for decisions about
borrowing and investing
|Do not borrow/invest||9.6%||14.6%||13.7%||10.2%||11.7%||13.2%|
In 2013, for the first time, more families turned to the internet than any other source for information about borrowing. The fraction of families who reported using the internet for information about borrowing reached 47% in 2013, well over the 41.7% who reported doing so in 2010. The share reporting that they used the internet as a source of information for investing also rose between 2010 and 2013, from 33.0% to 35.3%.
2. Consumers Have Lightened Their Debt Loads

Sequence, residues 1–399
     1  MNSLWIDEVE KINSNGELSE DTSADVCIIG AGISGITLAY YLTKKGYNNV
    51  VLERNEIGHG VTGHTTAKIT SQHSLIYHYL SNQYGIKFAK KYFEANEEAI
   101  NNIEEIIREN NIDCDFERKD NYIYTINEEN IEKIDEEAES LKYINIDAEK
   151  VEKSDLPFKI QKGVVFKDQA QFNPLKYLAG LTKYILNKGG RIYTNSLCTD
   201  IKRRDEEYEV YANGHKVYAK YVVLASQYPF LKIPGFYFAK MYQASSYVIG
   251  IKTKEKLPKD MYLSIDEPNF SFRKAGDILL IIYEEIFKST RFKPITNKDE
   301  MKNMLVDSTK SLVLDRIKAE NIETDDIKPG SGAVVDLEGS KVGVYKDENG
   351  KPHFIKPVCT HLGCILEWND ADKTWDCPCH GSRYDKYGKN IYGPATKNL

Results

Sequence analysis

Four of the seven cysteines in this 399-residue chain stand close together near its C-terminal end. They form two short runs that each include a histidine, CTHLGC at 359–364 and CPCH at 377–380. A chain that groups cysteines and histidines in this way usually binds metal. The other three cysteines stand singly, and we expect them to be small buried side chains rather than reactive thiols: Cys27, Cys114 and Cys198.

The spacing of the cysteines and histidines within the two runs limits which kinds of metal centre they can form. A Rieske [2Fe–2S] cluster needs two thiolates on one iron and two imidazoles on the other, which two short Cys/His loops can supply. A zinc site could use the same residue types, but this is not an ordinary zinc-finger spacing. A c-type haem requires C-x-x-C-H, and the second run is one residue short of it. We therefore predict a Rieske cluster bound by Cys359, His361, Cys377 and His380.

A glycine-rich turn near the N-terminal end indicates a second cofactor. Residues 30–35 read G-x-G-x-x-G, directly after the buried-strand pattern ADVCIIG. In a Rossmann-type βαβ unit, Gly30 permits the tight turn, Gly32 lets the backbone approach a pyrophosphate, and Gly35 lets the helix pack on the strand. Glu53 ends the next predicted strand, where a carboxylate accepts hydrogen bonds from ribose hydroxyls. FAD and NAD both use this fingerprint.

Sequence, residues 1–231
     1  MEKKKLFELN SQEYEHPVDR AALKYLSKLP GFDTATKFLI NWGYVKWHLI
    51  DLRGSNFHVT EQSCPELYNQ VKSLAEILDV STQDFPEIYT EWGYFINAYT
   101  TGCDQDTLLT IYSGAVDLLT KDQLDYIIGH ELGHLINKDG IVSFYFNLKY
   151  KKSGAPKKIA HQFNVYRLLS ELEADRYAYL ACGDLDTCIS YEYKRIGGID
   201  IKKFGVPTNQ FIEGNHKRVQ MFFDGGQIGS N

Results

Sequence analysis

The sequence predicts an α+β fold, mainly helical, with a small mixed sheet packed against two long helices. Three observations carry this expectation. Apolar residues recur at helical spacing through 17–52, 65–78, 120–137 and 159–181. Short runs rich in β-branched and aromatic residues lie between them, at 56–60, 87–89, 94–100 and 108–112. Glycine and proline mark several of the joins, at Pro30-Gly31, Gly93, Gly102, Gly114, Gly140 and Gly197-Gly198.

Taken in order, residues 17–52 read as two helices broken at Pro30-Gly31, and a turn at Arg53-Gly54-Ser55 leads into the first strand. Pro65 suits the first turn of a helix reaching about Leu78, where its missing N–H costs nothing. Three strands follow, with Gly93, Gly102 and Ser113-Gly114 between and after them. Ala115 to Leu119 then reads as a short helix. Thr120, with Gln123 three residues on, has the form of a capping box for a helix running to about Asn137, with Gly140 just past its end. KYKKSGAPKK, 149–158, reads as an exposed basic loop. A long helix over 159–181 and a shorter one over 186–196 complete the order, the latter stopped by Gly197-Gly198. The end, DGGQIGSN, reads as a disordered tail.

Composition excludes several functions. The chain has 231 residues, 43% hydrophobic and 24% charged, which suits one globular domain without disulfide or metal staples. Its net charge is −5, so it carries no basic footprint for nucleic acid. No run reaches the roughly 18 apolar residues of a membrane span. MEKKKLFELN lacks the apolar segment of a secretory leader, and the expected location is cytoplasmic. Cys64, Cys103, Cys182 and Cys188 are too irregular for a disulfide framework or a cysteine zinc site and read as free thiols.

Between 2010 and 2013, interest rates fell on most types of consumer debt: Typical fixed-rate 30-year mortgage interest rates fell from 5.3% to 3.5%, new vehicle loan interest rates fell from 6.5% to 4.7%, and credit card interest rates fell from 14.3 % to 11.9%. And yet at the same time, debt holdings of families decreased. Overall, debt obligations fell between 2010 and 2013. Median debt declined 20%, and mean debt decreased 13%.
Debt burdens also fell between 2010 and 2013: Leverage ratios, debt-to-income ratios, and payment-to-income ratios all fell. The fraction of families with payment-to-income ratios greater than 40% declined below the level seen in 2001.
Much of the decline in debt can be explained by a large decline in the number of families with home-secured debt, which fell from 47.0% to 42.9%.